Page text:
Author of Grace Harlowe's Plebe Year at High School, Grace Harlowe's
Sophomore Year at High School, Grace Harlowe's Senior
Year at High School, etc.
"We'll get accustomed to it, and it will seem like home inside of two weeks," said Anne Pierson
philosophically. "Everything is bound to change in this world, you know. 'We must put ourselves in harmony
with the things among which our lot is cast.'"[Pg 8]
"Well, Marcus Aurelius, we'll try to accept your teaching," laughed Grace, who immediately recognized the
quotation as coming from a tiny "Marcus Aurelius Year Book" that Anne kept in her desk and frequently
"I wonder what school will bring us this year?" mused Nora O'Malley, as she retied her bow for the fifth time before the mirror and critically surveyed the final effect. "We had a stormy enough time last year, goodness knows. Really, girls, it is hard to believe that Miriam Nesbit and Julia Crosby were at one time the banes of our existence. They come next to you three girls with me, now."
By this time girls began to arrive rapidly, and soon the locker-room hummed with the sound of fresh, young voices. Coats of tan were compared and newly acquired freckles deplored, [Pg 9]as the girls stood about in groups, talking of the delights of the summer vacation just ended.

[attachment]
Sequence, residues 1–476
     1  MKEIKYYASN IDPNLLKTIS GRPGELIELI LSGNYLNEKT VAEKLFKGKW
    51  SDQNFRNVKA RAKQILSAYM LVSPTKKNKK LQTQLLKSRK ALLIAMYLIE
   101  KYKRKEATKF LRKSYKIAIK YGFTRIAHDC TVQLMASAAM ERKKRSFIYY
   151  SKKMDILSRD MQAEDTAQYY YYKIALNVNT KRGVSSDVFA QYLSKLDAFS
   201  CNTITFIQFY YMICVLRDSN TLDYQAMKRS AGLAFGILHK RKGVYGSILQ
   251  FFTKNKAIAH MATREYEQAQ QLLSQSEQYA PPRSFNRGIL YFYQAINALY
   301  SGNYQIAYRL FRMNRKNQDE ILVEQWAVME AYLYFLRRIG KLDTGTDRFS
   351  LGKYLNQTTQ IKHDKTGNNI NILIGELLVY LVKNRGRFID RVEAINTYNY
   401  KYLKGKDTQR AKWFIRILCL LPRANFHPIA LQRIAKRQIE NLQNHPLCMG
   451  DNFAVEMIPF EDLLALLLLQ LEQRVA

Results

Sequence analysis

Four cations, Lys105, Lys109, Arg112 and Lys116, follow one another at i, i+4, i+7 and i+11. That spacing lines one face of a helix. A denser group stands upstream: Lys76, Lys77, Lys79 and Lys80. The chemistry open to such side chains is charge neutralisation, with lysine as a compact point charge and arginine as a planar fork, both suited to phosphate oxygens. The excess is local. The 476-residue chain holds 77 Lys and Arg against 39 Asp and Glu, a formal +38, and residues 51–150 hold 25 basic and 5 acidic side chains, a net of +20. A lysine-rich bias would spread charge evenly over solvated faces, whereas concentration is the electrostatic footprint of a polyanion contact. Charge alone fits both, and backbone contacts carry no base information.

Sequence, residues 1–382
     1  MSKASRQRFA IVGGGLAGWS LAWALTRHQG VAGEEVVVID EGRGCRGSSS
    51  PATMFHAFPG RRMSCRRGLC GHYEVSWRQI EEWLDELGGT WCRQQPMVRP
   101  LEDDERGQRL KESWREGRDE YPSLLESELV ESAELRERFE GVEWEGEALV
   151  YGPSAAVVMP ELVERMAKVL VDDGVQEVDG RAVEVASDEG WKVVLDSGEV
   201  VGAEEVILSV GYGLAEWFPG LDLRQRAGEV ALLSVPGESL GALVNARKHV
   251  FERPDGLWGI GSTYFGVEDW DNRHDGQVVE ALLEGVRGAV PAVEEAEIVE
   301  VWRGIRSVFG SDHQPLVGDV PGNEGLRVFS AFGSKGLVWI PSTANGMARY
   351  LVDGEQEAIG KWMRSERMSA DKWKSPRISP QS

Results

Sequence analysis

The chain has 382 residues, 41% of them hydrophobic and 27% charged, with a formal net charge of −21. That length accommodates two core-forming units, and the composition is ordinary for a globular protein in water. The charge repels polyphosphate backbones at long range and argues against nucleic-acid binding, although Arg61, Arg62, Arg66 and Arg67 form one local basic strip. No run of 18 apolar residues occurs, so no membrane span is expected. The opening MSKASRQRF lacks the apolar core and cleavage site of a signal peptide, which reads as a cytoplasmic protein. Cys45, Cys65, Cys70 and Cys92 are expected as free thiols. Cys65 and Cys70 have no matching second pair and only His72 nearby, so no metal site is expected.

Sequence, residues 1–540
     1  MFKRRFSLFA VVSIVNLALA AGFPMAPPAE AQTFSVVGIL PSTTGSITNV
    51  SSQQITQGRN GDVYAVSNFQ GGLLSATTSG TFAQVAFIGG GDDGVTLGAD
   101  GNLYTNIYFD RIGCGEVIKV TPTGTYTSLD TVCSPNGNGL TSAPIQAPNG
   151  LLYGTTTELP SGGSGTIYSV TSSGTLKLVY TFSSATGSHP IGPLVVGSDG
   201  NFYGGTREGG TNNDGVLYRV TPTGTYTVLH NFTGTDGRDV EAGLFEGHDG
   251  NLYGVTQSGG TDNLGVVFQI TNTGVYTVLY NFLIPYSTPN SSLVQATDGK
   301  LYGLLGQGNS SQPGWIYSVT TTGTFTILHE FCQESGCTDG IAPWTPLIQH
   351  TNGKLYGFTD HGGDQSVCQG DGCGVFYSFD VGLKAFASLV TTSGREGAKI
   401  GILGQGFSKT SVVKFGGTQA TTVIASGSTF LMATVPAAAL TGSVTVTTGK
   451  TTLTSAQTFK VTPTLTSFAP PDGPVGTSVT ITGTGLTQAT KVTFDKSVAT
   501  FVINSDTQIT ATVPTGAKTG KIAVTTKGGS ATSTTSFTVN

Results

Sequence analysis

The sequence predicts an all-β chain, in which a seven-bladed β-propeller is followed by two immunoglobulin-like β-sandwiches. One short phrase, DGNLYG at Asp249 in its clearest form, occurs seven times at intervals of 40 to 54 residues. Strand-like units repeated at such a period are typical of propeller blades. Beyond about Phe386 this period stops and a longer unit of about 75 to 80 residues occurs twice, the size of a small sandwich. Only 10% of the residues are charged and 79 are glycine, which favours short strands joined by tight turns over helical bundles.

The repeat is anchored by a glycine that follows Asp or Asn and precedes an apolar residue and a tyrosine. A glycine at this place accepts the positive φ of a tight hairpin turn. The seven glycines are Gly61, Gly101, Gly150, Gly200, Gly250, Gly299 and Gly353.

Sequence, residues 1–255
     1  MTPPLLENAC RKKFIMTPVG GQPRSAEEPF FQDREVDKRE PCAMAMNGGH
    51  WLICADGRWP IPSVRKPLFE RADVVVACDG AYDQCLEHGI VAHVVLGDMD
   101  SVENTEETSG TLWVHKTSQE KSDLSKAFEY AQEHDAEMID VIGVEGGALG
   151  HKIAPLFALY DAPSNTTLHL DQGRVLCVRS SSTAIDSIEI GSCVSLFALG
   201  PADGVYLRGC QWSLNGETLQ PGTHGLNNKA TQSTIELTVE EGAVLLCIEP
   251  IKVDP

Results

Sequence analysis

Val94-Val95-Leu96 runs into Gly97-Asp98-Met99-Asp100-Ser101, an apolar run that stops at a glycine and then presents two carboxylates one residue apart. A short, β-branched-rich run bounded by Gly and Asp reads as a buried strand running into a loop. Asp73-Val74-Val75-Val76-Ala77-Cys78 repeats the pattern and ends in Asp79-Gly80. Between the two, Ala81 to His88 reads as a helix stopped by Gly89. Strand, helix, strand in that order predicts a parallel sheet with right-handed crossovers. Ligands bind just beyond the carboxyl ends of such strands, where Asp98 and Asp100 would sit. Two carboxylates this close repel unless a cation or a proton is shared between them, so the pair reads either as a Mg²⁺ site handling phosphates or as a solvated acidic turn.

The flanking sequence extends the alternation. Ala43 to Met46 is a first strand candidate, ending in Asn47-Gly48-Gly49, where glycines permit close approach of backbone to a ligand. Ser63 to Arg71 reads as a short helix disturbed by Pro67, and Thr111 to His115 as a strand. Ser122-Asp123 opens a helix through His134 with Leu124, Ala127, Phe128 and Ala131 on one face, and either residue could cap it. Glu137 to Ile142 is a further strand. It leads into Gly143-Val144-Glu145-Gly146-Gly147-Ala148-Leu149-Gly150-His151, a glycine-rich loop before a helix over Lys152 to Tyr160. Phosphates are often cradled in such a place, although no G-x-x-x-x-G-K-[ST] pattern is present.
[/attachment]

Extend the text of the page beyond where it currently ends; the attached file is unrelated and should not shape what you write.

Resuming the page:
To the readers of "Grace Harlowe's Plebe Year at High School," and "Grace Harlowe's Sophomore Year at
High School," the girl chums have become familiar figures. It will be remembered how Grace Harlowe and
her friends, Nora O'Malley and Jessica Bright, during their freshman year, became the firm friends of Anne
Pierson, the brilliant young girl who won the freshman prize offered each year to the freshmen by Mrs. Gray.
The reader will recall the repeated efforts of Miriam Nesbit, aided by Miss Leece, the algebra teacher, to
disgrace Anne in the eyes of the faculty, and the way each attempt was frustrated by Grace Harlowe and her
friends. Mrs. Gray's house party, the winter picnic in Upton Wood, and Anne Pierson's struggles to escape her
unworthy father all contributed toward making the story stand out in the reader's mind.
In "Grace Harlowe's Sophomore Year," the girl chums were found leading their class in athletics. Here,
Miriam Nesbit, still unsubdued, endeavored once more to humiliate Anne Pierson, and to oust Grace from her
position as captain of the basketball team, being aided in her plan by Julia Crosby, captain of the junior team,
against whom the sophomores had engaged to [Pg 10]play a series of three games. Grace's brave rescue of
Julia Crosby during a skating party and the latter's subsequent repentance restored good feeling between the
two classes, and the book ended with the final conversion of Miriam after her long and stubbornly nursed
The clang of the first bell broke in upon the chattering groups, and obedient to its summons, the girls moved
slowly out of the locker-room and down the corridor, talking in subdued tones as they strolled toward the
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